What are my rights if I had my vehicle shipped and it was damaged by the carrier?

I have both bills of lading (which,as I understand, are legal documents) proving the damage happened in transit. The broker I used states the carrier (not the carrier’s insurance company) is denying my claim. Neither the broker nor the carrier will provide me with the carrier’s insurance information for me to submit my claim. How do I obtain the carrier’s insurance information to submit a claim? For future reference, if the insurance company denies my claim, is it worth pursuing the claim with a lawyer (meaning, will my lawyer fees, damages and time lost pursuing settlement be covered by the settlement, if the judgement is in my favor)?

Asked on June 4, 2014 under Business Law, Ohio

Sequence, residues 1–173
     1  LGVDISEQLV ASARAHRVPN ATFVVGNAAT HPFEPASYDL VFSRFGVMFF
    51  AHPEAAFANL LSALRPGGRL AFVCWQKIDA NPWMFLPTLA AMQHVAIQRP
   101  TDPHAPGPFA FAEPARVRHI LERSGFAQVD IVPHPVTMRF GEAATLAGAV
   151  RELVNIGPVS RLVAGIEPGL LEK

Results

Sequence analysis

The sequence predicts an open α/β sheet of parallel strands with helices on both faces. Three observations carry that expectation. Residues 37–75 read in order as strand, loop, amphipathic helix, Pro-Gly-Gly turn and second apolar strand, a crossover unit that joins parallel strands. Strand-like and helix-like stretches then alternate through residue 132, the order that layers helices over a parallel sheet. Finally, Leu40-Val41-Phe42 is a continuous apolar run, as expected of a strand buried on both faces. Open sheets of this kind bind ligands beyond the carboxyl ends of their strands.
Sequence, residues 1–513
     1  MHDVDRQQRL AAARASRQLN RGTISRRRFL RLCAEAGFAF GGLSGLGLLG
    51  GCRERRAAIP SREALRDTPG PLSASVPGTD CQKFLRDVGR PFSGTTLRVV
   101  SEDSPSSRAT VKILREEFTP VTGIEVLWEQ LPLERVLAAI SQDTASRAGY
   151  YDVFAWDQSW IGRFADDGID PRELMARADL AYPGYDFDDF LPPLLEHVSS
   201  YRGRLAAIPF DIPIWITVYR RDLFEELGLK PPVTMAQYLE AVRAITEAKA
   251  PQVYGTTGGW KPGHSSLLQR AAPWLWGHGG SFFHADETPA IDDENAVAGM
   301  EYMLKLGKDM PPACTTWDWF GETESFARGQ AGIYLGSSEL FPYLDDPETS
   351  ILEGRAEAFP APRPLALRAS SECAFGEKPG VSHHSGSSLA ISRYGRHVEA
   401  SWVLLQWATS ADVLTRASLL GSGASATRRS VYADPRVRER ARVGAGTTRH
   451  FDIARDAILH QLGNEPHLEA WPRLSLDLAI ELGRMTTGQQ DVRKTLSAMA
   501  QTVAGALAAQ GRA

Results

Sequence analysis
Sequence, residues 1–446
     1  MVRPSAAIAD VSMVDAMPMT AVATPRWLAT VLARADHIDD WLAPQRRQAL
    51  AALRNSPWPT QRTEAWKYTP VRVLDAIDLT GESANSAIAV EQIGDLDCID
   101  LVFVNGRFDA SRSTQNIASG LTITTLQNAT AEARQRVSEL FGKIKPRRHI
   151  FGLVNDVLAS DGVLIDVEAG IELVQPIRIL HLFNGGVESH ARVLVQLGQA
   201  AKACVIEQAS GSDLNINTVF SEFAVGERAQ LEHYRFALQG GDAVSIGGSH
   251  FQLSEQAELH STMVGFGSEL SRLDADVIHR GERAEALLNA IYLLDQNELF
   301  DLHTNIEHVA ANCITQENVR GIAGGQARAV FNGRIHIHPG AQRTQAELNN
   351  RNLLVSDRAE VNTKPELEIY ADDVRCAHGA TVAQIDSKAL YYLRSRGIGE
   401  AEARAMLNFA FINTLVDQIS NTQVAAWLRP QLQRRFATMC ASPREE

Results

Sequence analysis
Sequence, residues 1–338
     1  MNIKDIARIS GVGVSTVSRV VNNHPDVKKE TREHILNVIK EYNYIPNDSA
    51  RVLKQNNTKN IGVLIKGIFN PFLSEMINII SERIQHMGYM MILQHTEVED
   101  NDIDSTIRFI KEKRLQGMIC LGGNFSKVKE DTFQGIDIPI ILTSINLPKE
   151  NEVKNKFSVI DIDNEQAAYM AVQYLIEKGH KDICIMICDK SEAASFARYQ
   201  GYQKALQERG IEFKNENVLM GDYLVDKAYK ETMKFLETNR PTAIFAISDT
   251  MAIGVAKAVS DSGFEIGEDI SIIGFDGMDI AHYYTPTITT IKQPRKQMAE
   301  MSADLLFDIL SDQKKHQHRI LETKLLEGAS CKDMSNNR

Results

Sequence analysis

Answers:

SJZ, Member, New York Bar / FreeAdvice Contributing Attorney

Answered 6 years ago | Contributor

You can't obtain the carrier's insurance information if they refuse to give it to you. What you can do is to sue the carrier; once they have been sued, they will presumbably bring their insurer into the matter. Even if they don't, you can--assuming you can prove they damaged the car--recover money from them. As to whether it's worthwhile: if the car damage exceeds $5,000, it's probably worth pursuing and hiring an attorneyh to help you; if the damage is less than $5,000, it would be worth pursuing only if you are willing to act as  your own attorney.


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